i went to a very small lutheran school from preschool to 8th grade (despite being baptized catholic).
mt. calvary lutheran school in omaha, nebraska is a small two storey brick building with an attatched church. it's been around (somehow) since the 20s, operating as a school, despite the fact that the textbooks are 20 years + out of date and the maps, when i was attending jr. high there in 1996, were from the cold war era (meaning we had east and west germany, czechoslovakia, et cetera). considering this, the teacher worked with what she had and i'm still pretty good with geography now, despite my public high school's joke-worthy world geography class.
as i said, it was tiny. my graduating eighth grade class consisted of only five girls, despite it being co-ed. because of these small classes, 1st and 2nd grade were crammed into one classroom with one teacher and a helper, 3rd-5th in another with one teacher, and 6th-7th in one classroom with the principal doubling as the math, science and current events teacher and an uncertified teacher (well, she had an associates degree of some sort, but legally she shouldn't have been teaching as much as she was i don't think) doing geography, grammar, literature, typing, and a few others. the striking thing about this was, the best teacher in the entire school was the uncertified woman. despite the fact that american public schools do not teach grammar sufficiently, nor do they tend to with geography, i was far ahead of the public schoolkids when i entered high school in those areas...the downfall was, in 8th grade we were learing how to multiply and divide fractions while public school 8th graders were already into algebra. and because of nebraska's then-low standards for graduating, i never took a class more advanced than pre-geometry, even to this day...
but back to christian school. it was the type of place where they kept track of your church attendance and clearly favored the children whose parents either were regular congregation members and/or donated money. being from a family that was beneath the poverty line for the first ten or eleven years of my life, whose parents worked all day on sunday, i obviously wasn't on the favorites list. in addition to this, i was catholic...and because i was catholic, i didn't feel the need to apply myself to religious class. but nevermind that--if you weren't protestant, it didn't matter, you're going to hell. there was once a jewish kid and a muslim kid that went to the school, and neither stayed for longer than a half year. which is understandable...i clearly remember in 2nd grade the teacher telling us anyone who didn't accept jesus as christ and son of god is going to hell, including jews.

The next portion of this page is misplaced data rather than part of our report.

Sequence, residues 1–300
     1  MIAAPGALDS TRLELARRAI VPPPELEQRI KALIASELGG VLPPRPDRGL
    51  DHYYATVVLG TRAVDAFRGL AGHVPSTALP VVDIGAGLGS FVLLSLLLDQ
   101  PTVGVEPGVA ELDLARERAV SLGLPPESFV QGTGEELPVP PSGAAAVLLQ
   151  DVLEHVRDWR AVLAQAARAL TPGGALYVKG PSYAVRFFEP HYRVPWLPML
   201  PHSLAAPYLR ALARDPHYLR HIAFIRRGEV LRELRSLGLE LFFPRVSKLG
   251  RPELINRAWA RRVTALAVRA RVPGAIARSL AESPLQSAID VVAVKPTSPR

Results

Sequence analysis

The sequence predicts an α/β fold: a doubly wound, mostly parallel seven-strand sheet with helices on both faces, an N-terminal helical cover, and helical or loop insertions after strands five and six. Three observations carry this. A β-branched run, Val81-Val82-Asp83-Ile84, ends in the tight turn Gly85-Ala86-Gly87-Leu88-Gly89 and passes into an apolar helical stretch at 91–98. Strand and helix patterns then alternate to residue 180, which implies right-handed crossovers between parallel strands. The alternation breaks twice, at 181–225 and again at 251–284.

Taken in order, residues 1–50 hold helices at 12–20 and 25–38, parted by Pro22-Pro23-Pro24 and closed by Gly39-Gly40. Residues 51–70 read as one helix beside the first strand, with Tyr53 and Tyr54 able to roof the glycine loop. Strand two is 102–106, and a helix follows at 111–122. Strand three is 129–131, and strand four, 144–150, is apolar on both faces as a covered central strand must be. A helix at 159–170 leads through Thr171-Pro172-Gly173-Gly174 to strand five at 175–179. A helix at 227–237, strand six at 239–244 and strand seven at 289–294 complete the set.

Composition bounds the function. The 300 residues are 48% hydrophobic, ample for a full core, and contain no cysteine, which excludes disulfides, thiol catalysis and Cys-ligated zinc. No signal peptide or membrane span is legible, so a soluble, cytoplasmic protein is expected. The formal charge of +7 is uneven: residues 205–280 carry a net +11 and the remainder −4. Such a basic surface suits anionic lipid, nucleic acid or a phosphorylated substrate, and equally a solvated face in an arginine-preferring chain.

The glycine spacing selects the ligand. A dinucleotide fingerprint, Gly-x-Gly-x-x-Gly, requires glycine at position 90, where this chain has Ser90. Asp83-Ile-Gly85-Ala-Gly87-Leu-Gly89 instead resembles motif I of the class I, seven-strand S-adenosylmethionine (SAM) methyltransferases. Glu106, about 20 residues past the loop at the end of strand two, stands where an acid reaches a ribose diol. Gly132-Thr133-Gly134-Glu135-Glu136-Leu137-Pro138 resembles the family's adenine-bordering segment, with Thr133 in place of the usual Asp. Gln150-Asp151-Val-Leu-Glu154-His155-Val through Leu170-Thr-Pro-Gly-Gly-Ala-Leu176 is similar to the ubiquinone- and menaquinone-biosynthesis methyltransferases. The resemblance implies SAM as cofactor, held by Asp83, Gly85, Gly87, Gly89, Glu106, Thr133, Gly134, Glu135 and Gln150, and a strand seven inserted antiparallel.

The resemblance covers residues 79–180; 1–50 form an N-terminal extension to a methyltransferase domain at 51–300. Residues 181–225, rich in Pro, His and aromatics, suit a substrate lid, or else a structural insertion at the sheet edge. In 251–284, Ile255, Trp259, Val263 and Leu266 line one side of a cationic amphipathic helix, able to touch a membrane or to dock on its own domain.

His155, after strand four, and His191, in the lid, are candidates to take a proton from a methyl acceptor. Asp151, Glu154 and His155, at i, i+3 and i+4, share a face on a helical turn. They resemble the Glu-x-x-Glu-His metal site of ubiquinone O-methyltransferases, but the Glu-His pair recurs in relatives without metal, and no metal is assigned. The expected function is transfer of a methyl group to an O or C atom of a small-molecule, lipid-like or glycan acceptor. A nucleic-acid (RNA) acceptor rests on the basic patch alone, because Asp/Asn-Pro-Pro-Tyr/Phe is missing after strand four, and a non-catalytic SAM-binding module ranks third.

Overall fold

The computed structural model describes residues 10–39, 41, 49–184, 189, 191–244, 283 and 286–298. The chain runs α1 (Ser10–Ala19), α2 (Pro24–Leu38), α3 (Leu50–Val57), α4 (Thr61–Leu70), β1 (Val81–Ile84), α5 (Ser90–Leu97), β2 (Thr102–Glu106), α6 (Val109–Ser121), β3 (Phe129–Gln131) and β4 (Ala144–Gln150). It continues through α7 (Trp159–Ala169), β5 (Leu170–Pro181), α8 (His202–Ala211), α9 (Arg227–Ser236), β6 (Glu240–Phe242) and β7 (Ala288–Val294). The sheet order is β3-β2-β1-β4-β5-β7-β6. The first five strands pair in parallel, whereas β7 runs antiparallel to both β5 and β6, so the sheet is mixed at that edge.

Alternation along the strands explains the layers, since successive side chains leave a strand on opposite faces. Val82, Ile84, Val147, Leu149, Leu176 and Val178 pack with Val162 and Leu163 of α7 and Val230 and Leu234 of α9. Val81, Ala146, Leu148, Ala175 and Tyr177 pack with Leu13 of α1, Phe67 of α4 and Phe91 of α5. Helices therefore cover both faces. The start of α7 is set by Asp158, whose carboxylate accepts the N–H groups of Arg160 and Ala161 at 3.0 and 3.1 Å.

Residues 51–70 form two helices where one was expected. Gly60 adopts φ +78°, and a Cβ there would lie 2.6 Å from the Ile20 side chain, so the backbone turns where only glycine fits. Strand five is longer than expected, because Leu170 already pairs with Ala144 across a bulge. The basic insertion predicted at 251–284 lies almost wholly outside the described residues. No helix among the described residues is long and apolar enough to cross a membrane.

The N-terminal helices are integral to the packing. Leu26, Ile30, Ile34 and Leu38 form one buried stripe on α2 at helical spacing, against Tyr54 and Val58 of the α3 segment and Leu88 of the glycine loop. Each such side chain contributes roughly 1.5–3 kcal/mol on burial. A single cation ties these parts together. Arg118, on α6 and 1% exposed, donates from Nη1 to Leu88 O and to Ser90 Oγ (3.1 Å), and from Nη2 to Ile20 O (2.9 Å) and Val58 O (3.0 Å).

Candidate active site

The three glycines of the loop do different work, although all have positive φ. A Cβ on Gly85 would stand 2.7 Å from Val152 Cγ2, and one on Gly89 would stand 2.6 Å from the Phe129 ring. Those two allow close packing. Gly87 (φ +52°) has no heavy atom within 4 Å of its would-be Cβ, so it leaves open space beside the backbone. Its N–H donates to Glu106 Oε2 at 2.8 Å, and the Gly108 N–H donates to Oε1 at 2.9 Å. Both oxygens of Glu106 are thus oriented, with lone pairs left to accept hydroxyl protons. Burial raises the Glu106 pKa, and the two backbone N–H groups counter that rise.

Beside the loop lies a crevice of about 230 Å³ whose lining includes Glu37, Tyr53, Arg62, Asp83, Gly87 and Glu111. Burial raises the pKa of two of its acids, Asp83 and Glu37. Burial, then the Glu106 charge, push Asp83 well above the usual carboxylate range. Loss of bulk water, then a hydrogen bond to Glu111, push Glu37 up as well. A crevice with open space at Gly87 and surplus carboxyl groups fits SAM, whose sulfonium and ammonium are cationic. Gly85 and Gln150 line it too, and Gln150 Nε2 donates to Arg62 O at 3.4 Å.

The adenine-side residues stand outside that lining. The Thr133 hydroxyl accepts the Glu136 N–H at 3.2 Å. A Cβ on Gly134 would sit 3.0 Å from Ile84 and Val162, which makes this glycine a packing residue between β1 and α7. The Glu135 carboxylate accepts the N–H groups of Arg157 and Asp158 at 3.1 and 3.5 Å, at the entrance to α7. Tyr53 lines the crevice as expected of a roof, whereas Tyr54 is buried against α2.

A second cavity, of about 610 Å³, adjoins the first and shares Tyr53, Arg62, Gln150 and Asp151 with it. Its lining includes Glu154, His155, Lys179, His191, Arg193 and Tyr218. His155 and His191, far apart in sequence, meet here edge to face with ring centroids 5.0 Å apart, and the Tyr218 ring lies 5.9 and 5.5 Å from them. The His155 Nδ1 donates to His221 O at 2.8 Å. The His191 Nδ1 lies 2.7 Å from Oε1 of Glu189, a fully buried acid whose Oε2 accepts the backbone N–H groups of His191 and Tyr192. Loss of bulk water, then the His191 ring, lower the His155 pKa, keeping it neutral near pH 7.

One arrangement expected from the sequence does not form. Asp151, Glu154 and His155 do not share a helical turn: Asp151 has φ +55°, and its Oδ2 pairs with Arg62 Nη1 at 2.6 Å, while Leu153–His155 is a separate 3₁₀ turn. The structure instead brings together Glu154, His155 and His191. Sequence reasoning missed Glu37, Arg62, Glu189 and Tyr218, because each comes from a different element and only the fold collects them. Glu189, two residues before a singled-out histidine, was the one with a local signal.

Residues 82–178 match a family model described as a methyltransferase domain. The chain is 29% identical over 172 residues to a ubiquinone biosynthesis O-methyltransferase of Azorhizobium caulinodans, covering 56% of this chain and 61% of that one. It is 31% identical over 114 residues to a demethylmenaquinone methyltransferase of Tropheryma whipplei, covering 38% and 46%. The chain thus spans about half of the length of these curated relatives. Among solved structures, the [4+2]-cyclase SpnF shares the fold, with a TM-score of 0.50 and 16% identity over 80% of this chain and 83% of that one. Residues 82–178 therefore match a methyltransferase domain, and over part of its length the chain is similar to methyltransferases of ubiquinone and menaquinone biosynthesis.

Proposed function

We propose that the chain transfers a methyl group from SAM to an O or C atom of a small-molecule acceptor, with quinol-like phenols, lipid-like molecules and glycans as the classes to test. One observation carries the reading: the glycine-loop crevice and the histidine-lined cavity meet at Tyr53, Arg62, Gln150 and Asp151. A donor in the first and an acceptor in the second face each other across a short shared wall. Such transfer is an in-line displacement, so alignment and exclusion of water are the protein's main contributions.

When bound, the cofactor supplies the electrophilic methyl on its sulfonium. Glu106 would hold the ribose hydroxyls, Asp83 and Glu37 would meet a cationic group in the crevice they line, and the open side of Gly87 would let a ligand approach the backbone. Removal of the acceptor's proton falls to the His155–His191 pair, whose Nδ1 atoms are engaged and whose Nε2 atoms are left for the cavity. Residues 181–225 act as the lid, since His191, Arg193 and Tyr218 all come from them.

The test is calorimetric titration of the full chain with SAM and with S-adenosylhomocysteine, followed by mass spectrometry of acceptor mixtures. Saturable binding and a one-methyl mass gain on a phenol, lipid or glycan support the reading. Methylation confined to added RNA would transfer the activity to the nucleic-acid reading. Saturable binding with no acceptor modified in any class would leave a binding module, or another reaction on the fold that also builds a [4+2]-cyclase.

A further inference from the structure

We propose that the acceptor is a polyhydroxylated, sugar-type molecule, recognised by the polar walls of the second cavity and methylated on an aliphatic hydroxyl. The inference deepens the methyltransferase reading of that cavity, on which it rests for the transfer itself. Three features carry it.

for the 7th and 8th graders, religion class was taught by the church pastor, which was a lucky thing--he seemed to not hold to the "everyone goes to hell but us" approach and instead encouraged me to make extra points (since this class was geared toward comfirmation, which i wouldn't be doing in that church) by writing reports on other world religions, comparing and contrasting, pointing out similarities and differences. he was a good guy, really. it was everyone else, though...
like the woman they hired to be the PE teacher. i had a sore ankle, but she made me run, even after provding a note from my mother. turned out, i had a pulled acheilles' tendon and the doctor made me use crutches. he provided a doctors' note, and she didn't even apologize.
music class was the worst class ever. the teachers' helper for 1&2 grade also taught each class' music class. and you know what we learned, consecutively every year, as if we forgot? THE REFORMATION. that's right. from martin luther's life to his hymns. every year.
that's my story.